This game began ominously.
Vince Carter got the ball on the left wing, gave Carlos Delfino a hard fake to the left, then drove right for a huge slam.
But as bad as that looked, before you could wrap your head around the old man swooping unscathed to the rim, Drew Gooden returned the favor. He pump-faked Dirk Nowitzki at the top of the key, dribbled past the free throw line and took off for an even more impressive dunk.
The teams traded baskets, including a pair of three-pointers by Brandon Jennings and Shawn Marion, and it wasn’t until the second Carter dunk (right) that things started to sour.
Right around that time, the Mavs announcing crew had this exchange about rookie Jon Leuer trying to guard Dirk Nowitzki.
Skip Wade: That has the feel of one of those nature films, where the baby has left the nest and is about to get annihilated.
Mark Followill: Like when a sea turtle is trying to make its way from the beach to the water?
Skip Wade: It’s not going to work out well.
Derek Harper: I was just going to say, “He’s never going to make it”.
It was the right analogy for the wrong situation. (To wit, Nowitzki threw up an airball three-point attempt on the next possession.) To be sure, Nowitzki outperformed nonfactor Leuer (13 mins, 2 points), but the comparison fit the entire Bucks team more aptly than it did than the power forward matchup.
Here were the Bucks, fresh off a pair of wins, optimistic that they could win the games they play at home (4-0) and those too with their star player (4-2). Then, just as they were about to take the court against the NBA champs, the ginormous injury vulture swooped in and plucked Andrew Bogut from their lineup. Their season, once full of promise, now climbs on, with hope scarce and peril plenty.
Shortly before the game, Bogut failed a concussion test. He was tested after falling and hitting the back of his head in the Bucks’ previous game against Spurs. It is not known when he will be able to return.
For his part, Bogut tweeted his reaction quite simply.
The Bucks went on to do what they have done all season on the road without Bogut. They start with a promising scoring burst, with an offense that looks miles ahead of the output it produced last season. They match it with sloppy defense, allowing the opponent to stay right with them, until the next points drought leaves them facing a steep challenge.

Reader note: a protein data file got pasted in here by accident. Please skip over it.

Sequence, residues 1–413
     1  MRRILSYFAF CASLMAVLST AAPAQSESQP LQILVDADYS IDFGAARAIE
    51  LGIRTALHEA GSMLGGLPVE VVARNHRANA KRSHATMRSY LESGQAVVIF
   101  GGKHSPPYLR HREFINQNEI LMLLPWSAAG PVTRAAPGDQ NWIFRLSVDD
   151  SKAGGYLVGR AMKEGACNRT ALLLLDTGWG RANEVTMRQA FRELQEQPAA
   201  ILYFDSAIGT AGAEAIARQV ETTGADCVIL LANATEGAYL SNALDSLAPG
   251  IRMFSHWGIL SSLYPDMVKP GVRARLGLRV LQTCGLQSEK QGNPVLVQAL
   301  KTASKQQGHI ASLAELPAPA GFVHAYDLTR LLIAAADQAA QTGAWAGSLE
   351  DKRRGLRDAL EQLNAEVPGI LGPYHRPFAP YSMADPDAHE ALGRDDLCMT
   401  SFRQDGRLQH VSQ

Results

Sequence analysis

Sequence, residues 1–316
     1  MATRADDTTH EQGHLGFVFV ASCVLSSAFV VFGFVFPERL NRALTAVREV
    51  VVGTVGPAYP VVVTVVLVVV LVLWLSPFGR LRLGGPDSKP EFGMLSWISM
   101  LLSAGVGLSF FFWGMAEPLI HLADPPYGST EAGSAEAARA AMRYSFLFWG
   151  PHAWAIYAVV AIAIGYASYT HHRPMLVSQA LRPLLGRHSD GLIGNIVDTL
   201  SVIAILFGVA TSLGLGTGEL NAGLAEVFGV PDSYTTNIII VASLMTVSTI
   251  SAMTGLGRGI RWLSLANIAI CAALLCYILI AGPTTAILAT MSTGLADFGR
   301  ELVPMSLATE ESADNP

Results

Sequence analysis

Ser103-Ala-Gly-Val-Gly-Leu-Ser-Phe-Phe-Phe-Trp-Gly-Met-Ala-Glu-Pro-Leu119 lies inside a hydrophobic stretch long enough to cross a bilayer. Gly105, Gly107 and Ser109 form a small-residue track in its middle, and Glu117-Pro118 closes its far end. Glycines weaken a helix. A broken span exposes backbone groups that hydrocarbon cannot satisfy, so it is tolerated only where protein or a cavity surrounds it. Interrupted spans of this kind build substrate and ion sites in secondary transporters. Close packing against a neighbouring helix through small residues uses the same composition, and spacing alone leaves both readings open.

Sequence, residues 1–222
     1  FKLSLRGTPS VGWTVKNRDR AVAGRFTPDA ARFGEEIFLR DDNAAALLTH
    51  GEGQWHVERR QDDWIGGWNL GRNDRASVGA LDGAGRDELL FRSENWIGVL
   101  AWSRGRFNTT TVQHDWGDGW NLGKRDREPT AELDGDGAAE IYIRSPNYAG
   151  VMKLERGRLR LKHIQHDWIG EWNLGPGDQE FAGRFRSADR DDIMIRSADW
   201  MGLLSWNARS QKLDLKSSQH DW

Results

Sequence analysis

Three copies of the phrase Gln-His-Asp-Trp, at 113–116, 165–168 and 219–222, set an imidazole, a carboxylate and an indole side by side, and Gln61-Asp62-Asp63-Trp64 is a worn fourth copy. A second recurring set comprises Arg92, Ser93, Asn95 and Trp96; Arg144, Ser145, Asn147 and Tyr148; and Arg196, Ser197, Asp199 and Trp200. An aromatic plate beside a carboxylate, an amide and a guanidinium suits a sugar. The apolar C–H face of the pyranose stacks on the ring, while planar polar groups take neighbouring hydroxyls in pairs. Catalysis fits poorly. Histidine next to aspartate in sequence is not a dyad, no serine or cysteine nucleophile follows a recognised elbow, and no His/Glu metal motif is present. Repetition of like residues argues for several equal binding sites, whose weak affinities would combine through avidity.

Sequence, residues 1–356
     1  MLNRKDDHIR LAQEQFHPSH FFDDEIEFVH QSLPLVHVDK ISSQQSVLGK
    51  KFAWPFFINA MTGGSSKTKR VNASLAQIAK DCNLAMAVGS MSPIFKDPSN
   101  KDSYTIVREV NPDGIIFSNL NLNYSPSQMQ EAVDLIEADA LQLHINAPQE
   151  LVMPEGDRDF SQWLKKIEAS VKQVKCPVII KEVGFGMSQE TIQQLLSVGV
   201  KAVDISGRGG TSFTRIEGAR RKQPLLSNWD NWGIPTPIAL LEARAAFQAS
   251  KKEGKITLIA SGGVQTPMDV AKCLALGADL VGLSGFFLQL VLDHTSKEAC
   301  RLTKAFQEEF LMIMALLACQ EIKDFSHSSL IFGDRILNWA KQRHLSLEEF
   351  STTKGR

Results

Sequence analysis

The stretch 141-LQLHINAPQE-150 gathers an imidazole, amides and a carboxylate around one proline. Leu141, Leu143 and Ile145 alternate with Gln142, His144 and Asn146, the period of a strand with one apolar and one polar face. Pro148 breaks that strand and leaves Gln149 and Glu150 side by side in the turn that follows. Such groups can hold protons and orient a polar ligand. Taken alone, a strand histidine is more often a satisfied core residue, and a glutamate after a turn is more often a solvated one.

Drew Gooden, in particular, is a nice scorer with a crafty inside-out game. Of all the Bucks, he has the best chance to lean/push/strip/battle with opposing centers on a nightly basis. The problem is, he’s just not long enough to be the help defender that Bogut is. And as much as the starters miss Bogut, the bench may miss Gooden even more.
Last night, the Mavs shot 61% in the first quarter and 53% in the second. Down by a bucket, the Bucks inserted Tobias Harris and Larry Sanders late in the first quarter; by the time they left — less than five minutes later — the Mavs had a 14-point lead.
Then the Bucks had their typical third-quarter collapse. In first five minutes of the second half, they shot 0-4 from the field. Worse, they only shot four attempts because turnovers by Delfino, Gooden, Jackson, Delfino (ugh, again), and Sanders helped the Mavericks stretch a 15-point halftime lead into a 27-point rout. From there, it was a glorified exhibition for the scrubs who played a pretty even game against the Mavs bench.
The highlights were few for the Bucks. Notable performers did include Shaun Livingston, who scored 15 points on 6/8 shooting. Livingston also served as a calming influence on the youngsters in the meaningless fourth quarter. (His impact, though, didn’t quite extend to a scoreless Darington Hobson, who chucked up 7 greedy-looking shots in the Bucks 13-point fourth quarter.)
The other nice showing came from Brandon Jennings, who scored 19 points on another well-chosen 12 shots. His turnaround from last year is starting to feel more like a trend than a quirky streak. It’s a glimmer of optimism in an otherwise gloomy January.
Until Monday’s day game against the Philadelphia 76ers, keep the hope alive.